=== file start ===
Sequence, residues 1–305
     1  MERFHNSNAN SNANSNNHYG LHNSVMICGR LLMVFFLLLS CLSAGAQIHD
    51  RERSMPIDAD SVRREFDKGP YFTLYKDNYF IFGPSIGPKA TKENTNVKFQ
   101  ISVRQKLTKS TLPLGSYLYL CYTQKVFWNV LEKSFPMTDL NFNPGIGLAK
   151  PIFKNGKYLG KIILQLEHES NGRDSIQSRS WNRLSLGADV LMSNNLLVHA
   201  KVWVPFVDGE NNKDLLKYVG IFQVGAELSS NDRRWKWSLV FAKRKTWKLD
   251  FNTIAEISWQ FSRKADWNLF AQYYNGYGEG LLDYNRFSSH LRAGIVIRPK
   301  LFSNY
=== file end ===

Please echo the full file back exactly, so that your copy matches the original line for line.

Sequence, residues 1–305
     1  MERFHNSNAN SNANSNNHYG LHNSVMICGR LLMVFFLLLS CLSAGAQIHD
    51  RERSMPIDAD SVRREFDKGP YFTLYKDNYF IFGPSIGPKA TKENTNVKFQ
   101  ISVRQKLTKS TLPLGSYLYL CYTQKVFWNV LEKSFPMTDL NFNPGIGLAK
   151  PIFKNGKYLG KIILQLEHES NGRDSIQSRS WNRLSLGADV LMSNNLLVHA
   201  KVWVPFVDGE NNKDLLKYVG IFQVGAELSS NDRRWKWSLV FAKRKTWKLD
   251  FNTIAEISWQ FSRKADWNLF AQYYNGYGEG LLDYNRFSSH LRAGIVIRPK
   301  LFSNY